Canada first implemented its GSP regime in 1974. Currently, the General Preferential Tariff (GPT) is offered to the developing countries and the Least Developed Country Tariff (LDCT) is offered to the LDCs. Under these, lower-than-normal tariff rates for imports in Canada are available.

Effective from January 1, 2015, Canada withdrew GPT benefits from 72 higher-income and trade-competitive countries (e.g. Korea, China, Brazil). It also withdrew LDCT benefits from two former LDCs (Equatorial Guinea and Maldives).

Under the LDCT, about 8497 product tariff lines or about 98.9% of Canada’s tariff schedule enters Canada duty free from the LDC countries. Bangladeshi RMG products (both knitwear and woven) enjoy duty free benefits under the LDCT scheme.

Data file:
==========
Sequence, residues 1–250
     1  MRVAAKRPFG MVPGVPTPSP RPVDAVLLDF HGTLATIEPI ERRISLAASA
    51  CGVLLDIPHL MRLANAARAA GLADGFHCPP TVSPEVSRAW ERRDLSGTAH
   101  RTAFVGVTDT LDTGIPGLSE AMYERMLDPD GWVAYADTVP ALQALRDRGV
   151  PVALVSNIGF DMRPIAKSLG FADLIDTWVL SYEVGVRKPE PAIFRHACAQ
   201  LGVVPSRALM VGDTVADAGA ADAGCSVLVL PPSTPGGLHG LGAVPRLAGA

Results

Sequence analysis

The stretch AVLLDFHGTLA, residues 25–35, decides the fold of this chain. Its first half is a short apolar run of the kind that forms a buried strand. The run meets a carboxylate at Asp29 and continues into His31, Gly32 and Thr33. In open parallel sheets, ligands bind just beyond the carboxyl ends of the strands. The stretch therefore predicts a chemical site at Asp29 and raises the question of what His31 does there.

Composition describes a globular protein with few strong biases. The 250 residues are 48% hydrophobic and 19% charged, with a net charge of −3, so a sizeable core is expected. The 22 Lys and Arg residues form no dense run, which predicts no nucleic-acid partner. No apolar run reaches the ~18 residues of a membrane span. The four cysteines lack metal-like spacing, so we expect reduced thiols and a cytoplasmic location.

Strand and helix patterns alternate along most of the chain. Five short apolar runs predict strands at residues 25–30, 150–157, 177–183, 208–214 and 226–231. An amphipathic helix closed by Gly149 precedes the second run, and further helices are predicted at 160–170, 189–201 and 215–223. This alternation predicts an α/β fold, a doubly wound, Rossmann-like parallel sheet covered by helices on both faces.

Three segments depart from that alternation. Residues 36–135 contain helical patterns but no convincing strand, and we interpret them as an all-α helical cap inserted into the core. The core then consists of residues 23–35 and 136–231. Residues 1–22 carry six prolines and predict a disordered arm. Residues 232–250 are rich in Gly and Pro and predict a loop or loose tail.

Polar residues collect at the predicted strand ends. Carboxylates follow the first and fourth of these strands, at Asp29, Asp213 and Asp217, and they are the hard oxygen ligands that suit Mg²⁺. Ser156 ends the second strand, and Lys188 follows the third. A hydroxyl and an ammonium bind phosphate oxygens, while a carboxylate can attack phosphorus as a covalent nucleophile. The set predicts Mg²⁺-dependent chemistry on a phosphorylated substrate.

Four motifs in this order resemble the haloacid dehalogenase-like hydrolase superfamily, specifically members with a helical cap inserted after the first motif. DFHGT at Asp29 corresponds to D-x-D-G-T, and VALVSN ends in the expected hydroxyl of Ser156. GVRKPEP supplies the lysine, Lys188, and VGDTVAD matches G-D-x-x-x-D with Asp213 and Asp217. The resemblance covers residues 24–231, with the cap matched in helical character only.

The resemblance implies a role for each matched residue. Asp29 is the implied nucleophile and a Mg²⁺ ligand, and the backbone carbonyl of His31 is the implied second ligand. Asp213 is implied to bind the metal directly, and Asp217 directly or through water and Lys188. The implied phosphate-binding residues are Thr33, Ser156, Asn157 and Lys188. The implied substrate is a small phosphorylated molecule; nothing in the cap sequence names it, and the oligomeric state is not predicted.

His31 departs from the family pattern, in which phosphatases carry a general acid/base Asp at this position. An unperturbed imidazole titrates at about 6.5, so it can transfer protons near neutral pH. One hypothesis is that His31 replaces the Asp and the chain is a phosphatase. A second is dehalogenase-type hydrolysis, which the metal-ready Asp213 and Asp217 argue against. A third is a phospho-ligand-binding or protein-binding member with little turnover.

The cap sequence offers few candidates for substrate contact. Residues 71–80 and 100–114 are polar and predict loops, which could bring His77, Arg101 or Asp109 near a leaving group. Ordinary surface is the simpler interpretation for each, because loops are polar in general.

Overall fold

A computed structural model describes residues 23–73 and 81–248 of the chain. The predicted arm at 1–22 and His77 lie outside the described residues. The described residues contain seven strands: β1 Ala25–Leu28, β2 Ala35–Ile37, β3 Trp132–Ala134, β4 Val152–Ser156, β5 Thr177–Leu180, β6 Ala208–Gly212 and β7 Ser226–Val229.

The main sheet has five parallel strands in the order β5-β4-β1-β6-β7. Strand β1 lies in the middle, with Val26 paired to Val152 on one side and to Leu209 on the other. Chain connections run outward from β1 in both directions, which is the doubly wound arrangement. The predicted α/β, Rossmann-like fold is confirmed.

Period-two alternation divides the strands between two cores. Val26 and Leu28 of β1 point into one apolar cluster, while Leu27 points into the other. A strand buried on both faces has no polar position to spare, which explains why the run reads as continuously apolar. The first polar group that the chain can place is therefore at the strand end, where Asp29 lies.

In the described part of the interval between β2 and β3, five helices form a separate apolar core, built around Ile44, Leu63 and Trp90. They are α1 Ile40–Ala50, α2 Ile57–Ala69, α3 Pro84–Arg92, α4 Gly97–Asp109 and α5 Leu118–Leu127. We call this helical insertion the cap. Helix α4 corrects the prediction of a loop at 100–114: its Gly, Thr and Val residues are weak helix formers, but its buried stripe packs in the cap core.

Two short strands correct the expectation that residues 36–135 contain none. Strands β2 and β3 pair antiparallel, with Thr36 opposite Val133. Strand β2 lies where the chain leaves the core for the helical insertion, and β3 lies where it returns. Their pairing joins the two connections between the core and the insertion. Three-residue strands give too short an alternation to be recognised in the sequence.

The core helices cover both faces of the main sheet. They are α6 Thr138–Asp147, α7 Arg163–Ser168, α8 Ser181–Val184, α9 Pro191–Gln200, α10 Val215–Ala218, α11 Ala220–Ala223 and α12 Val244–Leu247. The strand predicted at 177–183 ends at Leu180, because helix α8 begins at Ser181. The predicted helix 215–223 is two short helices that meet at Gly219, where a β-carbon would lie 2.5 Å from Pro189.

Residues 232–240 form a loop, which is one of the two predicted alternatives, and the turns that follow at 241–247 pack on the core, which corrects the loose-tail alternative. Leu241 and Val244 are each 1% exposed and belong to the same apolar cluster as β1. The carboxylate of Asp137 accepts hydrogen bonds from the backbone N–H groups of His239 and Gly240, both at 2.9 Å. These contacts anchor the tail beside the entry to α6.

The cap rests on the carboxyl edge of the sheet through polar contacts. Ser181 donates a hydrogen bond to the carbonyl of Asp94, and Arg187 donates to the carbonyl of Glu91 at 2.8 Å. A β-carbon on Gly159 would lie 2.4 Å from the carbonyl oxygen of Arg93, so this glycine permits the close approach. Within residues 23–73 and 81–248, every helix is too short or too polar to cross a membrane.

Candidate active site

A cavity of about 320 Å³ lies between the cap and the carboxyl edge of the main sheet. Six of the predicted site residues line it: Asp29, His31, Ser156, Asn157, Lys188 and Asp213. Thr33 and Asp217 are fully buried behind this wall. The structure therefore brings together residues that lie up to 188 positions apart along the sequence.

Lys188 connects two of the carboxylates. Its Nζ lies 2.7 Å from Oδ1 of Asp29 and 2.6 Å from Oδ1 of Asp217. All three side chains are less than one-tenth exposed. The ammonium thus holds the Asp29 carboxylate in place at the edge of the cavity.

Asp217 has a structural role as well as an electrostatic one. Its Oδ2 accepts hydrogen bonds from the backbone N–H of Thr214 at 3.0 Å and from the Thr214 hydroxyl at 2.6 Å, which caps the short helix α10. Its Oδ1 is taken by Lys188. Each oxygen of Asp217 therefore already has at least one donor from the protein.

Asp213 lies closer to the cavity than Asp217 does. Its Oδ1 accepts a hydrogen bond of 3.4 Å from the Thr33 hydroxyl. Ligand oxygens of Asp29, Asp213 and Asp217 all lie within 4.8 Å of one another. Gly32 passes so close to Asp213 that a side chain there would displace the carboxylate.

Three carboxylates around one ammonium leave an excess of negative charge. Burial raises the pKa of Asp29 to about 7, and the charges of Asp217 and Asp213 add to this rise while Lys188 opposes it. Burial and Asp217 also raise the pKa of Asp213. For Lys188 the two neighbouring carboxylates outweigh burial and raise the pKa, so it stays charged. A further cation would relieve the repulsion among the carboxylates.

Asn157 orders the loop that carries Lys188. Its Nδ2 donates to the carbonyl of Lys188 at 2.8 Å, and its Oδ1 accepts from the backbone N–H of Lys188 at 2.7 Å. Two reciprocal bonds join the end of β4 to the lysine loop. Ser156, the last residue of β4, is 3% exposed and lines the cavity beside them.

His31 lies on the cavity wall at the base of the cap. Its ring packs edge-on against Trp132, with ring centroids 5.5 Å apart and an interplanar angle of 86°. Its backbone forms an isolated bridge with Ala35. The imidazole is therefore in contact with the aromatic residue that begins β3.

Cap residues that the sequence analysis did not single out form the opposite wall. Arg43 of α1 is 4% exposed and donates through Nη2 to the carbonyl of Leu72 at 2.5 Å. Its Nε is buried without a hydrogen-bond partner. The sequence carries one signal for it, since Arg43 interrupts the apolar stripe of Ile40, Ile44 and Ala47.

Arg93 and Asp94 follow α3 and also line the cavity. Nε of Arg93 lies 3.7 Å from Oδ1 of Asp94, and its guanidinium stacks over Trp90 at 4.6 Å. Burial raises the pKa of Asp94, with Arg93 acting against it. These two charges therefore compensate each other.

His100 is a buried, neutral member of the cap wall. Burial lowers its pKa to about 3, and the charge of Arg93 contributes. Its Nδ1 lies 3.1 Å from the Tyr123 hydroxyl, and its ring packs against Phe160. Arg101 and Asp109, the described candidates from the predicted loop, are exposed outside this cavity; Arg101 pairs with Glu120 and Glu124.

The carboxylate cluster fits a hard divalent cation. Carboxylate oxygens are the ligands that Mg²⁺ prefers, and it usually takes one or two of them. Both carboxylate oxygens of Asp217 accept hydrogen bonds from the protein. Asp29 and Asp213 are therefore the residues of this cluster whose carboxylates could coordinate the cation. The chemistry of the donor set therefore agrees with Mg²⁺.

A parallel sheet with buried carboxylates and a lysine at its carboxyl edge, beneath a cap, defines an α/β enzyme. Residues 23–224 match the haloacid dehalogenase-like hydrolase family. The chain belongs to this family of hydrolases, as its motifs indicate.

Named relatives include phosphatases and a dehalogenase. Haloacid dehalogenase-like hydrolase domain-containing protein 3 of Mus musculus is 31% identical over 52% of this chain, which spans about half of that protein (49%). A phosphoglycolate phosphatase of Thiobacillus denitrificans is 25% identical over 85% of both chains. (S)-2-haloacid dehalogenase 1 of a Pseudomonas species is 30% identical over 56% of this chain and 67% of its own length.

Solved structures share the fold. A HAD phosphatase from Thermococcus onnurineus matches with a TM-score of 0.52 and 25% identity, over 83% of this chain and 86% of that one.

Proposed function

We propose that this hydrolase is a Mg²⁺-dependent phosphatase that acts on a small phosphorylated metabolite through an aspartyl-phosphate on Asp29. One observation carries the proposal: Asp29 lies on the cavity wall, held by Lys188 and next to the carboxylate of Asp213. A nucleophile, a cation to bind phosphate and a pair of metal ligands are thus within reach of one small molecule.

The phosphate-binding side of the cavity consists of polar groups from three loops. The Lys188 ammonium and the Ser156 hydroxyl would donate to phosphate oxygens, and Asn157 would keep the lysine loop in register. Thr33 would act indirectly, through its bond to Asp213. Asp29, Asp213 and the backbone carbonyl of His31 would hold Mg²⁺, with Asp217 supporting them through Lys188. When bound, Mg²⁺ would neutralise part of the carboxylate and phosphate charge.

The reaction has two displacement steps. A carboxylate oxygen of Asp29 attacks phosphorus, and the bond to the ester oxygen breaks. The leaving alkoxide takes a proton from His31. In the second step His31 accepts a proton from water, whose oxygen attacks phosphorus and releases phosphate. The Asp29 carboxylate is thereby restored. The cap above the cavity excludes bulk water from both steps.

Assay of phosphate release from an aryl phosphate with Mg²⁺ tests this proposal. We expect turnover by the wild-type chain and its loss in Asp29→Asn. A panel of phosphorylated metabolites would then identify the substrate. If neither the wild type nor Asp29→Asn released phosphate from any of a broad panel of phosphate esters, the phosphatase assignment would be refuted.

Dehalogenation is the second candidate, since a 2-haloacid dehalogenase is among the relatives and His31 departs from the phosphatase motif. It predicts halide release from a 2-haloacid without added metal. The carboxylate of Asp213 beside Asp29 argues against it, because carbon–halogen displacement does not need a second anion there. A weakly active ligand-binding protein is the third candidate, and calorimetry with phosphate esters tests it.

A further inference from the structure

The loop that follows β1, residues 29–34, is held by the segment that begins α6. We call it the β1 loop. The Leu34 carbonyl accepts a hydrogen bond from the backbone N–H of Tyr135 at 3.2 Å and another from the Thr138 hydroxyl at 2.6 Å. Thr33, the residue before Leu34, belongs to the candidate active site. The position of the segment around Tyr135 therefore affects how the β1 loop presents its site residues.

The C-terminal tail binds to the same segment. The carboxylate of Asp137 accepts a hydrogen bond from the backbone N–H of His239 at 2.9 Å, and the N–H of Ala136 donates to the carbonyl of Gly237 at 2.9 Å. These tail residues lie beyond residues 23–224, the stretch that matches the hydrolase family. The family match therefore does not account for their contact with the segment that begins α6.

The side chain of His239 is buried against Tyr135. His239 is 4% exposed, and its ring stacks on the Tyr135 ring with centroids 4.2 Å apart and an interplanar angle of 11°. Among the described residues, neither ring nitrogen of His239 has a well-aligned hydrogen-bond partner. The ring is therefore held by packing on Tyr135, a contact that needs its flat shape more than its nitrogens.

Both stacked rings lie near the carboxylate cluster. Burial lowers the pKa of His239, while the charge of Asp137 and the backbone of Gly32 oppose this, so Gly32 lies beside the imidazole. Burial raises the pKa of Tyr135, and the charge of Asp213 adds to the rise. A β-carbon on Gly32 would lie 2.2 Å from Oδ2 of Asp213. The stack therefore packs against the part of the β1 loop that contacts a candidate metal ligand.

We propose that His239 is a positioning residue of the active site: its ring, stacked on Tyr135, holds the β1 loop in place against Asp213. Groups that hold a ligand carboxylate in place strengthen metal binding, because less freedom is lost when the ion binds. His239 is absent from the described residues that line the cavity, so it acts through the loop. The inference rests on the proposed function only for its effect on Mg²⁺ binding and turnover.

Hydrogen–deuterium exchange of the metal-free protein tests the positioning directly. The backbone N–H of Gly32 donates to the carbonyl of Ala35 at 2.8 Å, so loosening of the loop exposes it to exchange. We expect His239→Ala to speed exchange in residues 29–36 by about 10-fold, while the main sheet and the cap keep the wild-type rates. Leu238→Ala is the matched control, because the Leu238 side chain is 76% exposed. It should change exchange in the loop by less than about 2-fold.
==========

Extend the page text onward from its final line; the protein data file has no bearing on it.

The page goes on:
After the Hong Kong Ministerial Declaration that mandated the Developed Countries to offer Duty Free Quota Free (DFQF) access to the LDCs, Canada uses its GSP facility for LDCs as the Canada DFQF to the LDCs.

Products exported by eligible countries under the GPT and LDCT must comply with Rules of Origin provisions in order to receive preferential treatment. Canadian Rules of Origin is very liberal, and Bangladeshi products needs to fulfill only 25% local value addition criteria if raw materials are imported from Canada or any GPT beneficiary country. 

To download the General Preferential Tariff and Least Developed Country Tariff Rules of Origin Regulation SOR/2013/165, click here.

For more details and updated information on Canada GSP issues, visit